Last week was like Christmas morning here on the farm. Once again Ryan brought a brown, peeping box home from the post office. The kids get so excited for “chick day.” Everyone gathers ’round the box and anxiously waits for Ryan to open it up, revealing little fuzzy yellow fluff balls within. Even though this is our third batch of chicks, we cannot believe how tiny and adorable they look.
We are not adding new laying hens to our flock this year, so these are all meat birds. We ordered 25 broilers, 5 white Pekin ducks, and a pair of white goslings.
Unfortunately, very soon after arrival, one of the goslings started exhibiting some troubling behavior, and within a few hours it was dead. Although we’ve only been farming for a year, we are no strangers to loss. It is always heartbreaking to watch something struggle for life. We feel helpless, not fully understanding the problem or solution, and questioning our level of intervention. Not only do I hate watching an animal suffer, I have to guide my kids through it, who are also watching and wondering. They have many questions and I do my best to answer them. My honest answer is usually “I don’t know.”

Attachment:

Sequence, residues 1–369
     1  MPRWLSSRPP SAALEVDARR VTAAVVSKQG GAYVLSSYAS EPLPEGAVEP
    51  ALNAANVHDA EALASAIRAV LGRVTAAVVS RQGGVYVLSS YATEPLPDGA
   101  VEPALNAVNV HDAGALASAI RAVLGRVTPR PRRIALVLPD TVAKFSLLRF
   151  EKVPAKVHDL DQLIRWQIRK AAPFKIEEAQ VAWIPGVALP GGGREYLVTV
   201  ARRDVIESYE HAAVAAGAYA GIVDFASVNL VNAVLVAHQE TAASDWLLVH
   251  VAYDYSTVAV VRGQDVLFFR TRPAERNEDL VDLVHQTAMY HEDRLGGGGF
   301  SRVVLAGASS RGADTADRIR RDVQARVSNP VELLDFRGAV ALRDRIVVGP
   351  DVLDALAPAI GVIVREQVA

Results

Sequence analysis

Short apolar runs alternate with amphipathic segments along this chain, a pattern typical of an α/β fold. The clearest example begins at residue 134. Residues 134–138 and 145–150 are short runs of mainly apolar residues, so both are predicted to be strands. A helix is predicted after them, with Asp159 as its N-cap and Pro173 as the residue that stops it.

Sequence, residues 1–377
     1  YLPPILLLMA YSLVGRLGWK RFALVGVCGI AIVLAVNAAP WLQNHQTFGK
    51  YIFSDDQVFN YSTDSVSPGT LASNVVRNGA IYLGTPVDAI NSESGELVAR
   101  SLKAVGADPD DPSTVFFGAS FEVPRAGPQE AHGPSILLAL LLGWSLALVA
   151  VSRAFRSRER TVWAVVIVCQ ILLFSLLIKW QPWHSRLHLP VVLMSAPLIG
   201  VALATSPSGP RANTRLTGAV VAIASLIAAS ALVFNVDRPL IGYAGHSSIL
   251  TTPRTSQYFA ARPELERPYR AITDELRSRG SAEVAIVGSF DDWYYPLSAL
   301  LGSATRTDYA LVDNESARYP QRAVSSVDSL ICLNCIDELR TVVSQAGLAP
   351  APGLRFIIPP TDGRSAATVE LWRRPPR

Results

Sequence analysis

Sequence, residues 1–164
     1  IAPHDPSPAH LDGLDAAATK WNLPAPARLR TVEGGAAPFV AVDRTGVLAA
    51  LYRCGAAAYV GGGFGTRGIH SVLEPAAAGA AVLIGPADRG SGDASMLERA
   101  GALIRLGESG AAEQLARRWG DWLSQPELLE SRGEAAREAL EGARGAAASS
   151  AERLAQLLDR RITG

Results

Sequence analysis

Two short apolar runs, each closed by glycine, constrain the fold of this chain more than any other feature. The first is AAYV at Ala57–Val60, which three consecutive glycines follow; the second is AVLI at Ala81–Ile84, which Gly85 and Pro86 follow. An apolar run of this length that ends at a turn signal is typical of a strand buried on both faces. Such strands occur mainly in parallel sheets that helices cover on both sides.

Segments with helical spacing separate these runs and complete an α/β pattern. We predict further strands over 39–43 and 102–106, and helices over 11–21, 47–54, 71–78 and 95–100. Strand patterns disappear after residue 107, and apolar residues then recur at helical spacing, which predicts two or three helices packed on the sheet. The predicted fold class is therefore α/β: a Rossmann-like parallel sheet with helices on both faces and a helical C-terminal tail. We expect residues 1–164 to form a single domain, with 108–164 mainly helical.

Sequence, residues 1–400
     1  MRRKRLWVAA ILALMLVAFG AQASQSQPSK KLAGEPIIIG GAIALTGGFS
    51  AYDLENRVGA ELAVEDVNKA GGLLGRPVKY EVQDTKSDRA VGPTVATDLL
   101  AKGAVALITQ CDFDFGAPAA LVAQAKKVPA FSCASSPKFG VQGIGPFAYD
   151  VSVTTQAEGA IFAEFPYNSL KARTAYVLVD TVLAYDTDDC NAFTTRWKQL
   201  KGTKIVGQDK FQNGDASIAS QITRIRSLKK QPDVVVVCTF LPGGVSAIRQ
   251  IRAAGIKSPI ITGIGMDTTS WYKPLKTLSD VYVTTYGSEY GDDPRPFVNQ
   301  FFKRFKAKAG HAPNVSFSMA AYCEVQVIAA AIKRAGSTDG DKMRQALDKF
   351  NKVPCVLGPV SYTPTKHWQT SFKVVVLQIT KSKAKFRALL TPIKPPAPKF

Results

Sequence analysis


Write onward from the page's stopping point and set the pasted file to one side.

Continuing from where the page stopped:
We made up a special box for the gosling in the house with a heat lamp, warm water and clean bedding, away from inconsiderate brood mates. Every few minutes we’d dip its beak in the water so it wouldn’t dehydrate. Elijah was monitoring the gosling and remarked, “I don’t like watching it suffer. It would be better if it just died.” Indeed, I felt relief when we peered into the box for the last time and found the gosling had finally died.
On a more positive note, I am amazed how resilient and hardy 99% of the chicks and ducklings are when we receive them. They arrive hungry, happy and healthy. They immediately begin eating, drinking and growing. Besides the unfortunate gosling, we have not lost a single animal in this batch. We have never had sickness or disease go through our free-ranging flock.
The chicks, ducklings and remaining gosling continue to grow every day. These are all “commercial” breeds that grow large quickly. In two more weeks we’ll release them from the brooder to begin grazing and free ranging on the farm!
Although we just experienced some snow here, new chicks in the brooder is a sure sign of a long-awaited spring.